Modern C++ smart pointers and Tips to use

Smart pointer in Modern C++ are designed to manage dynamically allocated memory usage and deletion to ensure that the memory gets deleted automatically with triggers like scope closure. smart pointers were designed mainly to reduce the burden of manual memory deletion by checking the usage and scope closures. Before smart pointers came in to C++, it was developers responsibility to delete the memory by checking proper check points. This was very painful and causes a lot of memory leaks if developers miss to delete properly.

Smart pointers are just some classes wrappers on top of memory management logic. These classes provides pointer operators like -> (arrow operator) & (‘and’ reference operators), and * (asterisk operator) to assess the memory address and data.

So when were the smart pointers were introduced in C++ is a common question from C++ developers who were working with raw pointers for years. Smart pointers were introduced with C++ 11 standard of C++. Older version like C++ 98 does not have smart pointers concepts. The definitions and declarations of smart pointers are given in <memory> header of the Standard Library, so you must include this file in your code if you wish to use smart pointers.

How Many Types of Smart pointers are there in C++

First thing that comes to our mind is , how many types of smart pointers we have in C++. C++ have three types of smart pointers:

  1. std::unique_ptr
  2. std::shared_ptr
  3. std::weak_ptr

You can read more and see code examples about each of them by clicking on the above types.

Important tips to use smart pointers:

  1. Do NOT use or mix shared pointers and raw pointers together in same program or logic.
  2. Do NOT assign one raw pointer to multiple smart pointers.
  3. Do NOT get in to circular reference deadlock while using smart pointer.

Let us now see some code comparison of raw pointer usage and smart pointer advantages.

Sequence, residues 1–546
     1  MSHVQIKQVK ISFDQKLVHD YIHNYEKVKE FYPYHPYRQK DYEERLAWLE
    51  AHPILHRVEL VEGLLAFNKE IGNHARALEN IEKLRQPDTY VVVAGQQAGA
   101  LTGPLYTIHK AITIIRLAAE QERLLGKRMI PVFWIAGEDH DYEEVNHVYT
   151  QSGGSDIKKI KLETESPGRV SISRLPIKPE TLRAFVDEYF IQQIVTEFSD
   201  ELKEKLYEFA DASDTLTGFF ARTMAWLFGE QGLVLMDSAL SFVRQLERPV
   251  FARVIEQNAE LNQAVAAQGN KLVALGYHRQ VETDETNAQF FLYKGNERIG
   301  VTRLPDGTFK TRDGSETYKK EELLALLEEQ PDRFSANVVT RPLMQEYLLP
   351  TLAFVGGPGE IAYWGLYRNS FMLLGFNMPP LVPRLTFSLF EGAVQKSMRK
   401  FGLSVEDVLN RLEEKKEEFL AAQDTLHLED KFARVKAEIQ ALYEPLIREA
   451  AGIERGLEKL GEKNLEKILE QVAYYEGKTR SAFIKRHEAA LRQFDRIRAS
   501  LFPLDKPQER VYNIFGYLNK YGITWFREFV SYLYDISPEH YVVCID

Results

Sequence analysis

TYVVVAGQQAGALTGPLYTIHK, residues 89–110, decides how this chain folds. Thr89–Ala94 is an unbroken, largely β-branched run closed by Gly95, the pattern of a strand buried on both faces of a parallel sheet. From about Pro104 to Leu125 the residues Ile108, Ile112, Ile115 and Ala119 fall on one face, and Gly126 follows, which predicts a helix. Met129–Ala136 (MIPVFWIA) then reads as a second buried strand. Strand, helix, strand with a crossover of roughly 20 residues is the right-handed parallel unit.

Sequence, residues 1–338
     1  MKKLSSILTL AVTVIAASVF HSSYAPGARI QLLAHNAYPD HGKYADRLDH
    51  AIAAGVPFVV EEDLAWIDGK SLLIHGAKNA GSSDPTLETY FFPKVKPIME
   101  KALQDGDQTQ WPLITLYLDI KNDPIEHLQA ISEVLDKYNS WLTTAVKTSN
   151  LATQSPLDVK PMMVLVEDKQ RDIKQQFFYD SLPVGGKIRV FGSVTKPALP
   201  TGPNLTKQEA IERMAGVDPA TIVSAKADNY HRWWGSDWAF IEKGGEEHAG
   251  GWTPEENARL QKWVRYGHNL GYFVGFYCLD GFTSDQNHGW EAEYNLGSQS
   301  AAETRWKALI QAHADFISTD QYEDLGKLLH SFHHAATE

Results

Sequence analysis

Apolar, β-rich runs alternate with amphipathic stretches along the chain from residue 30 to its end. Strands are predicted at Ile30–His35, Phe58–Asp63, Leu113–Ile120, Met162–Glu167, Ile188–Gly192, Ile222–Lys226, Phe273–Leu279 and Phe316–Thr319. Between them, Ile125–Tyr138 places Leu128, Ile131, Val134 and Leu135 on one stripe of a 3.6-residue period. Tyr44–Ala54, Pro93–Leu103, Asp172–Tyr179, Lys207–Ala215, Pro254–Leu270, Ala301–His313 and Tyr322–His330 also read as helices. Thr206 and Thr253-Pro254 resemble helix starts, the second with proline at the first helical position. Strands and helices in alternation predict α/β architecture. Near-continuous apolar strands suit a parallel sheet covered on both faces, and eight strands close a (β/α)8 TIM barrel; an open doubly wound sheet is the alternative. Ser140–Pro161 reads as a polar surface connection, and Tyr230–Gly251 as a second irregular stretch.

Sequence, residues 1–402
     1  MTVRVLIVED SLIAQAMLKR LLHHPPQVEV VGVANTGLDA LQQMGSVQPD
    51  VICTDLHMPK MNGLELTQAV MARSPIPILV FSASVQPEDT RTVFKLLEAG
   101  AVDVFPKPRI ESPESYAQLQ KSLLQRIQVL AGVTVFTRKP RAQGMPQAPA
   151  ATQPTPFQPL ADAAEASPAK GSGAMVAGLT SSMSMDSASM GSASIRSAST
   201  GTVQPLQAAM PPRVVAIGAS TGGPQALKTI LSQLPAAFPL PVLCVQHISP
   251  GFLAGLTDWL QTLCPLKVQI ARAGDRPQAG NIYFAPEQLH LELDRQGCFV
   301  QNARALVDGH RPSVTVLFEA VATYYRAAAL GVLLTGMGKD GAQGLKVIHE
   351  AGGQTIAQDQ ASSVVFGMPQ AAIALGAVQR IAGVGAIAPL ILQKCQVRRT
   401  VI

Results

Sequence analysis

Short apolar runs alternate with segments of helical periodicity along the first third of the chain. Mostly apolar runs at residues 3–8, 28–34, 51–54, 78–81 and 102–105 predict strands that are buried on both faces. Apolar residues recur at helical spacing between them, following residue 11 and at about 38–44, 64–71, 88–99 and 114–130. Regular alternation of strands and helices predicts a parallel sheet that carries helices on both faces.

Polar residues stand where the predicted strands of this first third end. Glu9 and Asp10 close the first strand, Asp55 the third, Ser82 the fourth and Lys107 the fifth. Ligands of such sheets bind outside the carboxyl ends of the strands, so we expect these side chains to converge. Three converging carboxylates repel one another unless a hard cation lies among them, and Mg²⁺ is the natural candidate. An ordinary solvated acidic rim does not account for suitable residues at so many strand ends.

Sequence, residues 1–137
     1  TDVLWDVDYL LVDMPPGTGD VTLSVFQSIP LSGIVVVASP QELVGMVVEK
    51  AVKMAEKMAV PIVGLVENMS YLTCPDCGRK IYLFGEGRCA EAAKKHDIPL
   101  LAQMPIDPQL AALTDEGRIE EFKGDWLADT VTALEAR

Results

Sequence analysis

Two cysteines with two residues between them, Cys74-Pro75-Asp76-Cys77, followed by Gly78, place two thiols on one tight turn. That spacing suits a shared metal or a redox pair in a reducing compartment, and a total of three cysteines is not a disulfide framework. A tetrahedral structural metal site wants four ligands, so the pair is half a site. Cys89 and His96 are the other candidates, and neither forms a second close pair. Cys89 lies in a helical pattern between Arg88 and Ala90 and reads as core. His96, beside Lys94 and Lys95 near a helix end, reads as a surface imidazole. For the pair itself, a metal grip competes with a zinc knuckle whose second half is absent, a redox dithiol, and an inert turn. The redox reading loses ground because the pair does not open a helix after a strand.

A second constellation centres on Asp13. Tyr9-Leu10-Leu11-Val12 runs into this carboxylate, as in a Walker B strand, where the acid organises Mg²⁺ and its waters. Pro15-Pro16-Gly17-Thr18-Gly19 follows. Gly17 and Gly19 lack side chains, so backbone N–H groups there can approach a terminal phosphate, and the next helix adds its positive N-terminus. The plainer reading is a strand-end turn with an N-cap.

Comparison of a Raw Pointer vs Smart Pointer

Every developer wants to know , what is the difference between a pointer and a smart pointer. In this section we will try to explain this difference. In this code example, we are creating a class and then we are trying to use two functions. One function is using the traditional raw pointer to this class and second function will make use of the smart pointer.

#include <memory>
using namespace std;

class MemoryTest
    char TestData[36];

void RawMemoryPointer()
    MemoryTest* memTest = new MemoryTest("Raw Pointer Test");
    string TestName = memTest->TestData;
	memTest[0]->TestData; 	// This line will compile.
    memTest++;  			// This line will compile.
    memTest--;  			// This line will compile.
		delete memTest;
		memTest = nullptr;

void SmartMemoryPointer()
    unique_ptr<MemoryTest> memTest(new MemoryTest("Smart Pointer Test"));

    string TestName = memTest->TestData;
	memTest[0]->TestData; 	// This line will not compile.
    memTest++;  			// This line will not compile.
    memTest--;  			// This line will not compile.


int main()
	return 0;

How to use smart pointers in modern C++

Now we understood, What are smart pointers in C++ and how smart pointers are different from raw pointers. Next questions comes to our mind is, when should we use smart pointers in C++ and when we should use raw pointers. Let us understand a little about this. In the above two functions:

  1. First we are allocating memory to the pointer to the class that we are using. In each function we have used the raw pointer and smart pointer. First function is using the normal raw pointer memory allocation. In second function we are using the unique_ptr of smart pointer type.
  2. Then we are accessing the data in the variable of the class pointer. This you can see raw pointer function and smart pointer function code is same and using the -> arrow operator.
  3. Third line is the main difference in both the functions and both types of pointers. As you can see in raw pointer function we are deleting the memory by using the delete operator. If we don’t do that , it will cause a memory leak.
  4. On the other hand, in smart pointer function we are not deleting memory. Does this create a leak? The answer is no, because smart pointer will delete the memory by itself as soon as we come out of the function scope.